While the U.S. ratings for Sunday’s MLS Cup final between Toronto FC and the Seattle Sounders were way down from last year, the same wasn’t true in Canada. In fact, almost as many people watched that game (which took place at 3 p.m. Eastern Sunday) north of the border as south of the border, despite the U.S. having 330 million estimated people to Canada’s estimate of 37.6 million. And that’s also true despite differences from the game being on free-to-air broadcast TV in the U.S. and on cable TV in Canada; the English-language U.S. broadcast on broadcast network ABC averaged 823,000 viewers in the U.S., while the Canadian broadcast on cable network TSN (and in competition with the CFL’s playoffs, with the East semifinal and the West semifinal both airing on TSN 1 and 5 at noon Eastern and 4 p.m. Eastern respectively, relegating the MLS Cup to TSN 4) averaged 748,000 viewers.https://twitter.com/paulosenra/status/1194388593608921089Senra (the former CFL director of communications who now works for Toronto esports teams) also posted numbers with the French-language broadcasts added in:
Sorry! Forgot to add in French- Canada numbers. Revised…#CFL’s West Semi: 1.17M #CFL’s East Semi: 1.03M (405,000 in Quebec)#MLSCup (#TFCLive): 748K#SNF (MINvDAL): 725K#Leafs on Sunday: 681K#WeTheNorth vs Lakers: 452K
Point proven further. ✌🏼— Paulo Senra (@paulosenra) November 12, 2019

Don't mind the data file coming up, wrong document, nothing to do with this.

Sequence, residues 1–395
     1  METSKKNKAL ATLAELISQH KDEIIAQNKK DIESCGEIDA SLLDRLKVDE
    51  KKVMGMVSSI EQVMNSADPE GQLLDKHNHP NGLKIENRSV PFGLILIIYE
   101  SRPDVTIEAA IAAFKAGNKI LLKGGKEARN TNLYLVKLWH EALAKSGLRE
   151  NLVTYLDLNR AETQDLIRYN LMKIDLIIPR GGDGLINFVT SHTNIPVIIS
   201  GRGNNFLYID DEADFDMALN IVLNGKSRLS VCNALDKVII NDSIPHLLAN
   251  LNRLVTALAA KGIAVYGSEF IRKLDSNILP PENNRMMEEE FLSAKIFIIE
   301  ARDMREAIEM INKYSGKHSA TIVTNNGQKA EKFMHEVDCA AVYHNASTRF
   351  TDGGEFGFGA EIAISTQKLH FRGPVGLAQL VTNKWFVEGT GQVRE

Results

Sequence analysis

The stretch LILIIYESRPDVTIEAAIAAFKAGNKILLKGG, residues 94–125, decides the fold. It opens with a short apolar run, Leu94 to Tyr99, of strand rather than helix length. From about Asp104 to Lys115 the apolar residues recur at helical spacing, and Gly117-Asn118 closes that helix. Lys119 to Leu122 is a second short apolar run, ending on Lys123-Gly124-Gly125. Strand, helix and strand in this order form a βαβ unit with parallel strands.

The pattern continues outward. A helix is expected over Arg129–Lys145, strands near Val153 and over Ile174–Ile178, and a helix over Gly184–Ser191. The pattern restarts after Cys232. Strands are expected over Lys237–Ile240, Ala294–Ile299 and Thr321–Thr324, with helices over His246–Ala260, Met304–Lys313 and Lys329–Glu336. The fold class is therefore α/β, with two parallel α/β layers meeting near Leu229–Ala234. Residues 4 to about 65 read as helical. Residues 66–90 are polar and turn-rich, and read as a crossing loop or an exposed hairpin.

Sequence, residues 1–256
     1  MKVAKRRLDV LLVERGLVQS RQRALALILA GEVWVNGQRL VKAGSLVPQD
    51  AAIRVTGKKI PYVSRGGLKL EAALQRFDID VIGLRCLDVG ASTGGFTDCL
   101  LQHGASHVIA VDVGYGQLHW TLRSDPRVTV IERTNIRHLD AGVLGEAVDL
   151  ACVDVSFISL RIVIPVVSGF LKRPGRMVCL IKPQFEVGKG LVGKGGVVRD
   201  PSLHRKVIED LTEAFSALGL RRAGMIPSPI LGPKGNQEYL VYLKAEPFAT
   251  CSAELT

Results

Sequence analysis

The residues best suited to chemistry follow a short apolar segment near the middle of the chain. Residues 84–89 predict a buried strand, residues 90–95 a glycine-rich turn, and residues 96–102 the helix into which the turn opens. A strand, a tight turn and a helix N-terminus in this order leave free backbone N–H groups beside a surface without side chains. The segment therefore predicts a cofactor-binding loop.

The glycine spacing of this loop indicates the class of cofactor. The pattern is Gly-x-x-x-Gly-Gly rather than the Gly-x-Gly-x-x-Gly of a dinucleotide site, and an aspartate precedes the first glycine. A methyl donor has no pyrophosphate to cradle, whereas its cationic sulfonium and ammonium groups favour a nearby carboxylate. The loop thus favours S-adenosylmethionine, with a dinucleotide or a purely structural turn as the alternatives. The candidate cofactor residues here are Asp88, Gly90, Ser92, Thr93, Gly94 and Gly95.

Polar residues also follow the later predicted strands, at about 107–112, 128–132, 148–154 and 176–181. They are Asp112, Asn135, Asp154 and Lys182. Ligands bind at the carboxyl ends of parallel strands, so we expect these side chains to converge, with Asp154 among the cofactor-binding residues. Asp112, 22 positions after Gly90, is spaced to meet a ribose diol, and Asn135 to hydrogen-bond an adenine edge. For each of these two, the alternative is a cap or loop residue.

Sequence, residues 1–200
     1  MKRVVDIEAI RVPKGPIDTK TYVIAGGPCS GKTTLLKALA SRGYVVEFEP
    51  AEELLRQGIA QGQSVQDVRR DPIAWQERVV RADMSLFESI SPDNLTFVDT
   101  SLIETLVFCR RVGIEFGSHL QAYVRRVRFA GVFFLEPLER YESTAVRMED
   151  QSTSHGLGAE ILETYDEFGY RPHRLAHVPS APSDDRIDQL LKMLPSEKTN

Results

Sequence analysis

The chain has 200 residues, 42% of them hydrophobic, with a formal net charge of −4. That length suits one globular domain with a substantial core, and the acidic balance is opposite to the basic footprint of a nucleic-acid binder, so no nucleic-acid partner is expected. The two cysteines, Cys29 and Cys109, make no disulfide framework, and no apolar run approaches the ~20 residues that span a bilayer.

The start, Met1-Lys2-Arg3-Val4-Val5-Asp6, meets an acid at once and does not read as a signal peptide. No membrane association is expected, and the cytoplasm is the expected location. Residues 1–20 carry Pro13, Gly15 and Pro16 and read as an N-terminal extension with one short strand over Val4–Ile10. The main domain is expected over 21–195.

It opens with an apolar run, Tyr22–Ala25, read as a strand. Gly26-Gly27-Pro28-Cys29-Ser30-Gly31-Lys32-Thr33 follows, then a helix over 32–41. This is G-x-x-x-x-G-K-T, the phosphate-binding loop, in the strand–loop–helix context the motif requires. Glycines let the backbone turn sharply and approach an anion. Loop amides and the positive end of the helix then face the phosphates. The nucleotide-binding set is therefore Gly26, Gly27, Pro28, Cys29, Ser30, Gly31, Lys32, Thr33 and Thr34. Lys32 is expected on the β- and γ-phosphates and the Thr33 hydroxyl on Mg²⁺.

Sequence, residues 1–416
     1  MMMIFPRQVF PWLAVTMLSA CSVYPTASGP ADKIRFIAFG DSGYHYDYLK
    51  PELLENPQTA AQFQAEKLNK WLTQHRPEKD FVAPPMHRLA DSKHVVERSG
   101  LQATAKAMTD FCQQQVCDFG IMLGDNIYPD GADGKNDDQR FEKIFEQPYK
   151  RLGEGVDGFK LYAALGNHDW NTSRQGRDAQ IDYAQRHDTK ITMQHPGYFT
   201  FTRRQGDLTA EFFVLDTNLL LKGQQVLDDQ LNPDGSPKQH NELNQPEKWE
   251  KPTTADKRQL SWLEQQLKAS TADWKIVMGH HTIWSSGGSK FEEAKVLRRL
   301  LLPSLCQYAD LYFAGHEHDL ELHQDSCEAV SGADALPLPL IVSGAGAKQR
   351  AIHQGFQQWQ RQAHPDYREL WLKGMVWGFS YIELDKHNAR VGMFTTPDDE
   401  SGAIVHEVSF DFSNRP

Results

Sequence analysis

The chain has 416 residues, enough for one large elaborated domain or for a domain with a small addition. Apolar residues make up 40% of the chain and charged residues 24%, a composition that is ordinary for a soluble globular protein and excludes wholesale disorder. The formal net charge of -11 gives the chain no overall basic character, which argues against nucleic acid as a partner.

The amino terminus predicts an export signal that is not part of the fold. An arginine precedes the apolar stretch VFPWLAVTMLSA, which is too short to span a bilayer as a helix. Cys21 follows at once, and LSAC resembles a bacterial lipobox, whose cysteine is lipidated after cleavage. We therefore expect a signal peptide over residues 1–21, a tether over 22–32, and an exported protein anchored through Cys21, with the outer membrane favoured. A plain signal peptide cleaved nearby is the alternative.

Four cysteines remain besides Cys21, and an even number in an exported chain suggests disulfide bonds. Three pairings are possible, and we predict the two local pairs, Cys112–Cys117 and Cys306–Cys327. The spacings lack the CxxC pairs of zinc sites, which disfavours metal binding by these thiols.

If you include the Spanish-language numbers, the U.S. broadcast of the MLS Cup got up to 1.2 million (as ESPN’s Taylor Twellman stated in a very, very stupid argument with World Soccer Talk to try and claim that the U.S. MLS Cup numbers were good), so that’s a bit of further separation. There probably were some French numbers for the MLS Cup that Senra’s tweet didn’t cover, as the game was broadcast in French on TVA, but they likely weren’t large, as the Montreal Impact weren’t involved in the MLS game and the Montreal Alouettes were in the CFL’s East semifinal. Still, it’s rather amazing that the English-language MLS Cup broadcast in Canada almost hit the average audience of the English-language broadcast in the U.S., despite the U.S. telecast being on a broadcast network instead of on cable and despite the U.S. having almost 10 times the population of Canada. (It should be noted that most Canadian TV viewers can also pick up ABC; however, the ABC feed was probably simsubbed with Canadian commercials, and any viewers there don’t count for either country’s audience.)This is somewhat of a similar narrative to what we saw with the 2019 NBA Finals, which also included a Toronto team (the Toronto Raptors). The U.S. ratings were way below what we’ve usually seen, and only having one U.S. market was a key part of that, but the Canadian ratings were through the roof, with the sixth game delivering 8 million Canadian viewers and the fifth delivering 6.9 million. And it’s certainly interesting that there are so many Canadians watching the MLS Cup, especially at a point where the U.S. audience doesn’t look so great. (Although, this number is still a significant decline; the last Toronto FC-Seattle Sounders MLS Cup clash in 2017 averaged 1.3 million Canadian viewers.) But even with that decline, it’s remarkable how much traction MLS has in Canada in terms of sports viewership relative to the U.S., especially with this final going up against CFL playoff games and NFL regular-season games.